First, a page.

Stricter Ozone Standards Could Pose Challenges for Scientific Measurements and Models

With the United States Environmental Protection Agency proposing to lower the primary ozone standard from 75 ppb (parts per billion) to 70 or 65 ppb, researchers at the University of Colorado Boulder and the NOAA (National Oceanic and Atmospheric Administration) have created a commentary on how the new standard could make research more difficult for air quality managers at both local and state levels. The problem with measuring ozone pollution is that there are many sources that contribute to the pollution, such as vehicle emissions and pollution blown in from across oceans or from other areas of the country. “It’s not easy,” Owen Cooper, lead researcher of the commentary Cooperative Institute for Research in Environmental Sciences and NOAA’s Earth System Research Laboratory, said of measuring the ozone. “But we do know how to figure out where the ozone comes from. This source information is exactly what air quality managers will need to know when the margin for allowable locally produced ozone shrinks.” In addition, the commentary states that measurements would need to be conducted from a variety of other instruments (balloons and aircrafts, for example) in order to improvement a higher level or accuracy. Once that is accomplished, models can be made to replicate the observed ozone levels. “The ozone baseline is rising, especially in high-elevation regions of the western U.S. that are more strongly influenced by high ozone coming from upwind sources or from the stratosphere. Lowering the federal ozone standard to protect public health will reduce the wiggle room for air quality managers. We point out that measurements and science will be crucial to successfully navigating the new regulatory landscape,” said Cooper said. The EPA is expected to make a decision on the new proposed ozone standards in November 2015.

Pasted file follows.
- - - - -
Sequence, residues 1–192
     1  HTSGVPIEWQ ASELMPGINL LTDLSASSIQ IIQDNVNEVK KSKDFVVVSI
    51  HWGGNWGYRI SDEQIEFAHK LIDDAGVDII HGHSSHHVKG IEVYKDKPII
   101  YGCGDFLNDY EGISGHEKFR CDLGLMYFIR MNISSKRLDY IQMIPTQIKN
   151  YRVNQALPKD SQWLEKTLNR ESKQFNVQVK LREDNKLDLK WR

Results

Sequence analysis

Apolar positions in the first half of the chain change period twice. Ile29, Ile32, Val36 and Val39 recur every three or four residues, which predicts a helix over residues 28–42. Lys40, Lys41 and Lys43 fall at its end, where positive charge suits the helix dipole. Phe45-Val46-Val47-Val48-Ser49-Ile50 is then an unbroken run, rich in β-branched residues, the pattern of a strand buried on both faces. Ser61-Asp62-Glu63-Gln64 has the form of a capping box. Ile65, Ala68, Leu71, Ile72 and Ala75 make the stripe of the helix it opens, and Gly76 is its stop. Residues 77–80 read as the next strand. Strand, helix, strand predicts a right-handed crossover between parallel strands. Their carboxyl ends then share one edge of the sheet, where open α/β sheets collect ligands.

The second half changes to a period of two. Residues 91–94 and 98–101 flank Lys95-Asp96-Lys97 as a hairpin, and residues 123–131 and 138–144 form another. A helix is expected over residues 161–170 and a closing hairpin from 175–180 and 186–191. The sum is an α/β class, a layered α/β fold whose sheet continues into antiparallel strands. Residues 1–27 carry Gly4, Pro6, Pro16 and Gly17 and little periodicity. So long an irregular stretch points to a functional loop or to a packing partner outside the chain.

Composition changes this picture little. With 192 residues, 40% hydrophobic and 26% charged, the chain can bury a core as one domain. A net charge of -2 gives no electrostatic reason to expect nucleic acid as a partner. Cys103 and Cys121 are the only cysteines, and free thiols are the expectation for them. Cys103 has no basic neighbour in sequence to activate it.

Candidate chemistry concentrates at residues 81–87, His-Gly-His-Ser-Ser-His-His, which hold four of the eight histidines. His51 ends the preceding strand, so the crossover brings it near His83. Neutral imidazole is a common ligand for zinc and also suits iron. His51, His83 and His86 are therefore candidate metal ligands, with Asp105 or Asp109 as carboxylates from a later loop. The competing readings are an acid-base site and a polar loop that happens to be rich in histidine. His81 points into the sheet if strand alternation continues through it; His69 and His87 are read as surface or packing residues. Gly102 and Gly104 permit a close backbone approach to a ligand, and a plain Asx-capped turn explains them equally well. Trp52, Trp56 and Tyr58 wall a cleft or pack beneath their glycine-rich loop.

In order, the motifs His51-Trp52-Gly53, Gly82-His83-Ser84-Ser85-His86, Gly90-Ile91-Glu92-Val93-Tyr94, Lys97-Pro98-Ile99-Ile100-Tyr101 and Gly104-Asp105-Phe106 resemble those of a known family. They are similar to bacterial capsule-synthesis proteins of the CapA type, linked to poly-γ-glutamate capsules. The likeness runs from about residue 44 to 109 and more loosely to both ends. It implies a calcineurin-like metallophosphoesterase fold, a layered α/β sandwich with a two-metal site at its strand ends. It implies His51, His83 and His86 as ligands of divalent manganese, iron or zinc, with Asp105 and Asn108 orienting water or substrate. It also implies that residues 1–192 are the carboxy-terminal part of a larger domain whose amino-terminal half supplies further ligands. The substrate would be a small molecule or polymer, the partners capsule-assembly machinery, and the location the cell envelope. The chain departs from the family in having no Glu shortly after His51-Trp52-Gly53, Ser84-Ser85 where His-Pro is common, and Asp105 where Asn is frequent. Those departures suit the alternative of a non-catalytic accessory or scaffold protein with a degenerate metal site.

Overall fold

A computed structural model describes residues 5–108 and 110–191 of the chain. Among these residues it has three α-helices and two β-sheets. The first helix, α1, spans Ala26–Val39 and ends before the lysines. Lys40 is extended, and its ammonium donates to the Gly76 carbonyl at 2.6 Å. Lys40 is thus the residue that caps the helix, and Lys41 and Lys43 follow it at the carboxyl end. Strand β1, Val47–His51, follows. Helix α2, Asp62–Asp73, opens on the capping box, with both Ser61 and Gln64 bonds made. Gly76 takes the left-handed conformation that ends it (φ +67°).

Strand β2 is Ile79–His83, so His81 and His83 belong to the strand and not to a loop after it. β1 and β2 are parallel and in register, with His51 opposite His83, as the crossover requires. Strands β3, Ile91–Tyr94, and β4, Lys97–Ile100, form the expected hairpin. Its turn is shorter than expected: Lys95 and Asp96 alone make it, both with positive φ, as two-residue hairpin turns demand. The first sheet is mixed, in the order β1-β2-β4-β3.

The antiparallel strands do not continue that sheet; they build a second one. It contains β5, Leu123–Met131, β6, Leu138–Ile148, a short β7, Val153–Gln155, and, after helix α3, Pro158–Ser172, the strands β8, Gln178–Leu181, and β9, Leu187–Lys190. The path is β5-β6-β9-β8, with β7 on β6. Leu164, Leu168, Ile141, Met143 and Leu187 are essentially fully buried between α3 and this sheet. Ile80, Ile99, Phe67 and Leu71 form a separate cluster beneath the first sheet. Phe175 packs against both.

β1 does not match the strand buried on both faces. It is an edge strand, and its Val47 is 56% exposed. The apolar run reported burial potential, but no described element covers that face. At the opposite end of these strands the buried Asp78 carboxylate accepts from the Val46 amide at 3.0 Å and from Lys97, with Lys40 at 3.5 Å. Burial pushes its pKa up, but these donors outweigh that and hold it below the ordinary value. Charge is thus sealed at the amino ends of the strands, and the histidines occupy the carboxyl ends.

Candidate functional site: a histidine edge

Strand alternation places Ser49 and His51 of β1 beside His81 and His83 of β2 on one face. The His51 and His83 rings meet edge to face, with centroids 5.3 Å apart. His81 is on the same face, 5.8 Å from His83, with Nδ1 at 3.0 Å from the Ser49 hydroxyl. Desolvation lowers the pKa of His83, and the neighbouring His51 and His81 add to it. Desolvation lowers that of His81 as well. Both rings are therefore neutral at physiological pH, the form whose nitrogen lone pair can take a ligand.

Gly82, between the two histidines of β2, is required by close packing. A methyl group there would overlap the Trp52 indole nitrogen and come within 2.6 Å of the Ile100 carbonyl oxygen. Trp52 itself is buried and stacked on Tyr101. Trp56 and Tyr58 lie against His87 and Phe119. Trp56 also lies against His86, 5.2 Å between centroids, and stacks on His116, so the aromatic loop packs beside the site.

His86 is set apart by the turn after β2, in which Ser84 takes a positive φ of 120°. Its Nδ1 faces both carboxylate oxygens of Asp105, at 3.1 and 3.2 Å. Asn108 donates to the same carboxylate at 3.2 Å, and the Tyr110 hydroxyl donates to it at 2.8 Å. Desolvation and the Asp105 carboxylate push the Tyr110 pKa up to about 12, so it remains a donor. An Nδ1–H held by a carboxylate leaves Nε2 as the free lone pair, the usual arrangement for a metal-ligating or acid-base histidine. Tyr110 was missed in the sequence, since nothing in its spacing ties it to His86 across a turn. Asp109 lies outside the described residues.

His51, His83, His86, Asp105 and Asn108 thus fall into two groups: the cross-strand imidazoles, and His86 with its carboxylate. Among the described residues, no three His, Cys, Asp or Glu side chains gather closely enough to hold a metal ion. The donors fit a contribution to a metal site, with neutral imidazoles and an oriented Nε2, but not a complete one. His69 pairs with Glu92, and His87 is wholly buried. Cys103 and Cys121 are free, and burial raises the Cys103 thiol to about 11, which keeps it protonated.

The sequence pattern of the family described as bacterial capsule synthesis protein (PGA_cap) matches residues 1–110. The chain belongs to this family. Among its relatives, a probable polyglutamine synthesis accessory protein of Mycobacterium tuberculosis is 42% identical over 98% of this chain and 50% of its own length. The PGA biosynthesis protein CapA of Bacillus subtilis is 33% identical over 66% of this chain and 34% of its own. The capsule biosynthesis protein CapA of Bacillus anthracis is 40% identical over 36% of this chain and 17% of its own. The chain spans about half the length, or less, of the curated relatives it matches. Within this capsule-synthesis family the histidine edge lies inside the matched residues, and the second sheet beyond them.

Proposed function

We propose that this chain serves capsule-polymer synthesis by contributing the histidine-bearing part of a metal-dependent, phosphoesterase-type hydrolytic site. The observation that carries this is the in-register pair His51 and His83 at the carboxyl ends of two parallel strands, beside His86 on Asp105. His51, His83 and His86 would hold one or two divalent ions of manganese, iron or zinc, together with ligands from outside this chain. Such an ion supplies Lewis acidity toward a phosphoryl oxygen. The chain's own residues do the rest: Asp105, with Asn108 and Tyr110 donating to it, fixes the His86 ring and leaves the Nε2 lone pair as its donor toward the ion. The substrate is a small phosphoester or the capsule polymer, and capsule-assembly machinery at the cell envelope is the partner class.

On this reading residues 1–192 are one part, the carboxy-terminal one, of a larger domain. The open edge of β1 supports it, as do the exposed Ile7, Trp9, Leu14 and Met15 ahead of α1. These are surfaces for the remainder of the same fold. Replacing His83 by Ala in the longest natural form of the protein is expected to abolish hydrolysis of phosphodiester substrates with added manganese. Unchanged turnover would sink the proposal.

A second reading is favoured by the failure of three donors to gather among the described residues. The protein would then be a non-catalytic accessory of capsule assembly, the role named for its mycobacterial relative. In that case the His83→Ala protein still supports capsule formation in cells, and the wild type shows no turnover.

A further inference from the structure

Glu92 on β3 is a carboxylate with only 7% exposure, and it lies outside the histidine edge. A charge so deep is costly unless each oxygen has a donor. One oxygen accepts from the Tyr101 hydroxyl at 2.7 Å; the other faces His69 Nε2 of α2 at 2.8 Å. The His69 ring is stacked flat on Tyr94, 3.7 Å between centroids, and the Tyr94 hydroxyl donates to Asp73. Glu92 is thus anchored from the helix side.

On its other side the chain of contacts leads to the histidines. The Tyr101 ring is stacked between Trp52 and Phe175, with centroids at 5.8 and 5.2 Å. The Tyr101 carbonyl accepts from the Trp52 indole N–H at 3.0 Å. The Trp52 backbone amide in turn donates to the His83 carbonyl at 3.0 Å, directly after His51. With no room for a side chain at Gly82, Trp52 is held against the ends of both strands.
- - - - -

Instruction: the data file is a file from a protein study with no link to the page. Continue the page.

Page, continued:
Environmental Protection News, 9 June 2015 ; ;